Monday, March 6, 2017

Review of Survival: Hijacking into Freedom by M. Ben Yanay

Survival: Hijacking Into Freedom

World War II through the eyes of four exceptional heroes

Janus is a Hungarian Jew serving in the Hungarian Army. When his brigade is put to the service of the fleeing German forces, at end of the Second World War, Janus finds himself driving an SS truck under heavy soviet attacks in the Hungarian woods. With his wife and children on his mind, he tries to escape.

An engulfing human drama based on real historical events

In the woods, Janus meets Bob, an Afro-American pilot from the famous all black "Tuskegee Squadron" unit. Bob is shot down at war and captured by a group of Partisans, where he meets Ina, a Russian medical officer who dreams of a new life in America. Against all odds, and despite their different backgrounds, religions and languages, these three uncommon heroes manage to capture a German train locomotive and try to drive it to their freedom.

All the while, Janus's wife, Terry, endures war with their three children, first in the city, and then at the Ghetto of Debrecen, their hometown. After her middle child is murdered, the family is sent to extermination in Auschwitz, but miraculously saved at the last moment.

A remarkable view of World War II read with bated breath

Towards the end of the war, these four stories converge into one unbelievable drama, providing a gripping and multidimensional view of a most significant period in the history of humanity.

**My review**

I love WWII stories. I love watching documentaries and movies and reading stories about the conflicts. So when I saw this book available, I was intrigued, especially because the description sounded like a different kind of story than I had heard before. Then there's also the appeal of a story based on true events.

Terry intrigued me as a Christian woman who converted to Judaism for the love of her life. She clung to her Jewish identity, even though she could have saved herself by revealing her Christian background and reverting to those roots. She also shows incredible strength while struggling for survival in the concentration camp and when losing her son to the evil guards. 

Janus has an especially interesting history, as his story is revealed through flashbacks. He is Jewish but proves to be worth quite a lot to the enemy. I couldn't decide how I felt about Ina. Bob has a very proud heritage with his service with the famous Tuskegee Airmen.

The story is told both in the present tense as the war is coming to an end and through a series of flashbacks. The flashbacks are important to explain how each character came to be where they are today and why they make the decisions that they do. Sometimes I got a little confused during the flashbacks, keeping characters straight. I also felt like they could have been organized a little differently. Perhaps maybe more of an even rotation of points-of-view or character focus?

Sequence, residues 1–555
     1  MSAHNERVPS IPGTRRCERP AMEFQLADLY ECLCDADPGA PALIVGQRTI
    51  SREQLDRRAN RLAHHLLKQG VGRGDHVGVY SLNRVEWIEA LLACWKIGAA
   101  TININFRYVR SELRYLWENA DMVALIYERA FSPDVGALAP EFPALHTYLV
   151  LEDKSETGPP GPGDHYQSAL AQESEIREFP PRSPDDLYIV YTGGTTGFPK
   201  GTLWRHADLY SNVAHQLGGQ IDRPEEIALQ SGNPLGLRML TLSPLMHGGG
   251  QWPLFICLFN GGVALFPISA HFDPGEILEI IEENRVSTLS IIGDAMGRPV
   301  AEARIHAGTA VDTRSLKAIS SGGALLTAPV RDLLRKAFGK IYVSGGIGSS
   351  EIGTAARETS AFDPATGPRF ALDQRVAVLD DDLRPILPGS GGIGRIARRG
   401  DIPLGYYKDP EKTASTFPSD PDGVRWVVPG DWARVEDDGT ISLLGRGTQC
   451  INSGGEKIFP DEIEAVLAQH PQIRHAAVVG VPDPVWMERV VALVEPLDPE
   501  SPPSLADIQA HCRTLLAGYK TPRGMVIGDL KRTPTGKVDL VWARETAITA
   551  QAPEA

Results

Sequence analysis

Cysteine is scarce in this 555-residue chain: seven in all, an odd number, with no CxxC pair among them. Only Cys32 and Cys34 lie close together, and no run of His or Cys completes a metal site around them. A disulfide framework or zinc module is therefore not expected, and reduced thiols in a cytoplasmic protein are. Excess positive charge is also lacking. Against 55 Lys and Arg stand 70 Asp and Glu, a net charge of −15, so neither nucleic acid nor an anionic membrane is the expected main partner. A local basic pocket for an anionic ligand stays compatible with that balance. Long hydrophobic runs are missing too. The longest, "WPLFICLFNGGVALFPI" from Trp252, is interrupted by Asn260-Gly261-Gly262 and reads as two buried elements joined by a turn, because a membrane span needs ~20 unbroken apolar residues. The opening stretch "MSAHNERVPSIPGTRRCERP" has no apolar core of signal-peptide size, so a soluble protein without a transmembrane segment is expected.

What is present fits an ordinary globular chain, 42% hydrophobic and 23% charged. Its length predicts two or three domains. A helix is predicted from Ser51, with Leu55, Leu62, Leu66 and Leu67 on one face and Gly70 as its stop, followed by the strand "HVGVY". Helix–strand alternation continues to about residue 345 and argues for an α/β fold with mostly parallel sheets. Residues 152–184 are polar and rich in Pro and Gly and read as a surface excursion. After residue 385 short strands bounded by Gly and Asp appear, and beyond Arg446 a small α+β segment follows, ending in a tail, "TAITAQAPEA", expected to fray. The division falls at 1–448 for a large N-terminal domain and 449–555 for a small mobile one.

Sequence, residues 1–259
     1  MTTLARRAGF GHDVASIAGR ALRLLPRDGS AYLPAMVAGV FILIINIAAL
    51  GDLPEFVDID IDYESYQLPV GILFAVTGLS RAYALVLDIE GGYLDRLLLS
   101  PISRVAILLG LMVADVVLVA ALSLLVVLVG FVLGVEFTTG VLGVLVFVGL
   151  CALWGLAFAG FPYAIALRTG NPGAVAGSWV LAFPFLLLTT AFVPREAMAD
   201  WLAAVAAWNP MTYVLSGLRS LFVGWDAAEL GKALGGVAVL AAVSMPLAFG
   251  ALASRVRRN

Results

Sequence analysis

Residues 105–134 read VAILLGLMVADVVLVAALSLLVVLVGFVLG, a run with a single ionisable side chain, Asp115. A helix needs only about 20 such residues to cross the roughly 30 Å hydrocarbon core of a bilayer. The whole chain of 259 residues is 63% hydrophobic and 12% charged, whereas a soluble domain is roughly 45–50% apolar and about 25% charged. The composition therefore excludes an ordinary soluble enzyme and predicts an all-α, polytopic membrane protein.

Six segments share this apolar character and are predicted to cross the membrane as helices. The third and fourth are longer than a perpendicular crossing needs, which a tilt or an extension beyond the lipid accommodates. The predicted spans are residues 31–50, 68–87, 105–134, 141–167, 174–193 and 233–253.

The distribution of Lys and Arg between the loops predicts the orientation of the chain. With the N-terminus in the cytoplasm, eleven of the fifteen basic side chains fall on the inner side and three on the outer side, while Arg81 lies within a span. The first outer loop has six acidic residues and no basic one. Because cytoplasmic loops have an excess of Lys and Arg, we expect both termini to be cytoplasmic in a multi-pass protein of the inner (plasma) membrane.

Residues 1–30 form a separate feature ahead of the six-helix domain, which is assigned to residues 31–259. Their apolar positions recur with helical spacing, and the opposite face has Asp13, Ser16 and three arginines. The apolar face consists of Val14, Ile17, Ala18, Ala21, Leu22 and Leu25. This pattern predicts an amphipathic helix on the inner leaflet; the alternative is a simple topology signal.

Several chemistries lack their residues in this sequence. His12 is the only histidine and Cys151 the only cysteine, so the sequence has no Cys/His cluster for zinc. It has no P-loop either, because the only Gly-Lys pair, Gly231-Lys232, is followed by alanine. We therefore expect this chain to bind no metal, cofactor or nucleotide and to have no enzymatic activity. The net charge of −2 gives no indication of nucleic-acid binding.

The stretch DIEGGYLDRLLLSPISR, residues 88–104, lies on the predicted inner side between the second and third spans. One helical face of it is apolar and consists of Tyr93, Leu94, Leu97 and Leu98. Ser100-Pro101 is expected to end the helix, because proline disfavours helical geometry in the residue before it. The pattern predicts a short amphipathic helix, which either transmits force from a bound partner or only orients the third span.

I loved hearing each character tell their own story.  It did feel like each character was speaking as an Americanized version of themselves. I think the hardest thing for me was everyone referring to Bob and the other black men as African-Americans. I don't believe that term was in wide use back in the 1940s in America, let alone overseas. It was made more popular in the 1980s. I want to say back then, the term coloreds or others were more likely to be used.

There was an air of authenticity with some real terms in the native languages being used, complete with translation. I did love that the author provide translations for these terms and a bit of clarification about certain events or places. I would suggest that any explanation longer than one word would maybe function better as footnotes instead of being in brackets in the text, to facilitate readability. 

Reading this story, I definitely got the feeling that the author was telling a true story, sharing something he had been told many times. When the story is over, he does disclose his connection to the characters in the story. I think he has more of their stories and I would love to hear more of them, or even see this one fleshed out a bit more. I feel like there is so much more to tell! 

So while this book is not one that is going to necessarily be dubbed as a classic, it is definitely an interesting read that is worth checking out, to give you another perspective into how people functioned during the horrible conflict. And without giving away too much, I will just say that the whole story of the train is definitely one I have never heard before and is definitely a unique story that needs to be told!

About M. Ben Yanay

M. Ben Yanay is an Israeli journalist and author.

He was born in Hungary in 1940 and survived the holocaust as a child, arriving in Israel with his parents in 1948.

As an adult, he lived for a few years on a Kibbutz, later becoming the editor of an economic journal and working as a journalist for Associated Press in Israel as well as the Jerusalem Post. 

He studied history and philosophy at Ben-Gurion University.

This is his forth book. Three of his other books have been published in Israel in Hebrew:

  • Mushrooms and Octopuses - Nuclear terror thriller. Published by "Masada", 1979.
  • Secrets of the Canaa-idim - Science fiction for young adults. Published by "Masada", 1980.
  • Hast Thou Killed - and also Taken Possession? - Cold blooded murder account of the Ya'ari-Granot trial. Published by "Hotam", 1990.

Other of his short stories have also been published in various journals.

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